One guy wasn't very happy when I told him he was much too close to us (he was so close he could easily see there was no porn movie being shot... LOL).  He balked.  "You'll just have to live with it," he said.  I replied, "Now that's not very kind or considerate.  What I need is more privacy."  Well, that seemed to let him off the hook... "Oh, now we're getting down to it.  Privacy."  I'm sure at that point he was getting dirty looks from his wife who had probably told him before he dropped two anchors he was too close to us.  The thing is that some boaters like the social circle of being close with other boats and boaters.  Others go to places like the Abacos which have anchorages that are five miles long on varying Cays... when you have all that space I don't want anyone within an eighth of a mile!  In the above case with the gruffy stubborn "I-couldn't-have-made-a-mistake" guy... there were only three boats in a five mile anchorage area.  After his wife's dirty look he says, "Well, just to show you I'm not a complete A-hole... I'll move.  But it's under protest."

PROTEST.  LMAO.  I thanked him.  But I still believe he just didn't "get it."  He's thinking I'm underestimating his anchoring abilities.  It's not that I'm worried his anchor would drag or that he would hit us.  It's the fact that he's THERE... and so DAYAM CLOSE!

The bottom line here is just because he and his wife are no longer running around naked and skinny-dipping... and you know what happens after that... it doesn't mean that others aren't doing it!  So back off me.  Give me room to play! 

A good rule of thumb is to keep at least the same distance away from boats as what's already  established in an anchorage when you arrive.  Let's say you come closer to shore to anchor and there are two boats.  If they are 500 ft. apart and there's room to do so... then you anchor at least 500 ft. away from either boat.  In the Keys it's much like the Bahamas in that anchorages are simply where you anchor... lots of room to anchor near Keys (Cays).  A mast light is not the same as a hotel "VACANCY" sign.  Remember what happened to Marion Crane?

If you're too close to someone else's HOME PLATE... You're OUT!

We live on a mooring and they are 75 ft. apart.  Not a lot of privacy if you don't take steps to obtain it.  Our cockpit is enclosed and I'm one for shades (just like drapes in your landlubber house).  I'm a very social person but I don't like being on display 24/7.  Fine if others don't mind it, but I do!  So when we leave the mooring fields we go out to find a nice quiet and private anchorage.  And I always find it!  But every now and again some dolt will take my anchor light to be THE place to anchor.  Right on top of me!  So I excuse myself from my dinner and get on the radio to let Sir Dolt he's anchoring too close and it's not necessary to do so.  It's like the chip commercial: "Get your own bag!"  Find your own spot.  If I want to do the Wild-Thang topsides in the middle of the night... I don't want Gladys Travis calling the Coasties to report "lewd and lascivious activities."  How rude...  Mr. and Mrs. Gladys anchored on top of me! I'd rather be lewd than rude any day.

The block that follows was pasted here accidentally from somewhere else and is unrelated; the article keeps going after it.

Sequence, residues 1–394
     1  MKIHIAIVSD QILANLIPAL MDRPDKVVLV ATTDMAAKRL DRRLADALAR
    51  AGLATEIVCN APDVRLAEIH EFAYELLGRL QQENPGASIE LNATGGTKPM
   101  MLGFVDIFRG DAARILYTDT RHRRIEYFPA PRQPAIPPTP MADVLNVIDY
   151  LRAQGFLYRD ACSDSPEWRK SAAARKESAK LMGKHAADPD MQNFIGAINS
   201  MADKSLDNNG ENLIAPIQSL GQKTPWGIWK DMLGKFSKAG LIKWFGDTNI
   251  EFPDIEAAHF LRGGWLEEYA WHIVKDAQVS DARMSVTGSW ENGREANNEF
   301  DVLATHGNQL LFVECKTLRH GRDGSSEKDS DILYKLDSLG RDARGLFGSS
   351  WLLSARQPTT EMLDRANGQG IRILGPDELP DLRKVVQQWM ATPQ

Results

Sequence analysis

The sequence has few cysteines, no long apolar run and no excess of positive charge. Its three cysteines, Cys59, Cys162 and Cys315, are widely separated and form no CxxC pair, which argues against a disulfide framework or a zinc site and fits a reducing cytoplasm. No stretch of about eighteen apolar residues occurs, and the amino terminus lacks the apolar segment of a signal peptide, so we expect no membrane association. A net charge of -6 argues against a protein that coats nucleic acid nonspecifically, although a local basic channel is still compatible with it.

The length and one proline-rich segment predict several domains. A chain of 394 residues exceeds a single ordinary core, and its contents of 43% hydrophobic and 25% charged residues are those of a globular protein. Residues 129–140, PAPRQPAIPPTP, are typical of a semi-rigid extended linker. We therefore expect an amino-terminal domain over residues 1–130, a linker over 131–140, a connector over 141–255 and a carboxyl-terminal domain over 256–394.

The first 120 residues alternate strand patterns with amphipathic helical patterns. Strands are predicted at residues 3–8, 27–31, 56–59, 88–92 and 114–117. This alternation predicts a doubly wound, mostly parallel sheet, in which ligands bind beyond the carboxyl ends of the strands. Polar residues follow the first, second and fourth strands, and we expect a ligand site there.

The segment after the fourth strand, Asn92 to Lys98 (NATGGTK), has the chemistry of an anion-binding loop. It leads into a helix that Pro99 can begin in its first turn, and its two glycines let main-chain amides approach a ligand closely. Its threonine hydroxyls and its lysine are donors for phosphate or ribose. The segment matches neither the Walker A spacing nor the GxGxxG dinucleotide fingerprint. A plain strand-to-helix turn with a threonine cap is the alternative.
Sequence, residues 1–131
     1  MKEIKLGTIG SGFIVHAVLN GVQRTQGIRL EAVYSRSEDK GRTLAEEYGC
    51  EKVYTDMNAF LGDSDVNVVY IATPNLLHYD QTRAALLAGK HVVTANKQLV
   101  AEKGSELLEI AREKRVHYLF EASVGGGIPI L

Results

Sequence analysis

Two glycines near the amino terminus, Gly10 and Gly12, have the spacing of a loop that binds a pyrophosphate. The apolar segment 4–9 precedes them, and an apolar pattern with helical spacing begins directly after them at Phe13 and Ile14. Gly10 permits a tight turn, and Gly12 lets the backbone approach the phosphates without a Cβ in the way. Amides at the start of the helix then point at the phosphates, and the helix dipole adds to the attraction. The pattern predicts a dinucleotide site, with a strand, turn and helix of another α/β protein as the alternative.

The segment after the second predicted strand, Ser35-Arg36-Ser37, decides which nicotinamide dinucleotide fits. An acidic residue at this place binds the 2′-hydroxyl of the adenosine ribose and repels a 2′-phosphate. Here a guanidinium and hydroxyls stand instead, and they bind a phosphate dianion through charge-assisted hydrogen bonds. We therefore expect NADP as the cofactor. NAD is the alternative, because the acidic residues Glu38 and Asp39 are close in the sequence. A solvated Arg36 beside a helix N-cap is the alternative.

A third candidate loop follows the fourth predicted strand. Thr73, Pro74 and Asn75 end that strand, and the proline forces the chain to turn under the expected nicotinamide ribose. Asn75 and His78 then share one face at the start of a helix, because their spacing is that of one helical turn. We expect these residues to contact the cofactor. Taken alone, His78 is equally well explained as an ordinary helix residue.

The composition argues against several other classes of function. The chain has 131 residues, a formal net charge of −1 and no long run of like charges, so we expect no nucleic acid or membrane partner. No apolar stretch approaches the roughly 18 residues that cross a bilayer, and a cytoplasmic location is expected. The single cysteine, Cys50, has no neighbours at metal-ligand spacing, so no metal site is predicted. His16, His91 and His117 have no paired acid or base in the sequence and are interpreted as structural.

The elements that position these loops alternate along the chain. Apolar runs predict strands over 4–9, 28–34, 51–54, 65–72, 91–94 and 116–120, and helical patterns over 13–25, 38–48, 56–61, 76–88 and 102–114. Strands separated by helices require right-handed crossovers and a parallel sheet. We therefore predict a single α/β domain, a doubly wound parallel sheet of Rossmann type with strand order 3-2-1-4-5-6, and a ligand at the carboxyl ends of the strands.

If it's not absolutely necessary to anchor in close proximity to another boat... then don't. 

More boats...

This must be the sportiest looking trawler I've ever seen.

It was about 50 ft. long.  Didn't get the name or make but saw her at Manjack Cay.

Settlement Harbor in New Plymouth, Green Turtle Cay

Impatient Winds at Green Turtle Cay anchorage.

      What about Laundry??

Laundry Day.  Above (click for detail): I can wash a week's worth of clothes and bedding too... all in our cockpit.  I hang everything inside the cockpit except for the King Size sheets which I drape over the shade on the boom.  No one is the wiser!

Can't wait to go back!  Abacos, we'll be back there and soon!

More to come on the Abacos and narratives of our many adventures there. 

Stay tuned!

Read about our experiences (often hilariously ridiculous) with hurricanes during the record-setting 2004 & 2005 seasons.  Surviving either at our home port in the Keys or in our hurricane sanctuary The Everglades.  It's the only place on earth where alligators and crocodiles cohabitate. 

Someone once asked: "What's the difference between an alligator 'n a crocodile?"

My answer was quite sarcastic but accurate: "Like I'm ever gonna get that close."

You will learn such differences, if you don't already know them... I also promise  you'll not only learn something while perusing this most read section of our website... you'll no doubt enjoy a laugh or two as well.  Enjoy!

The Hurricane Chronicles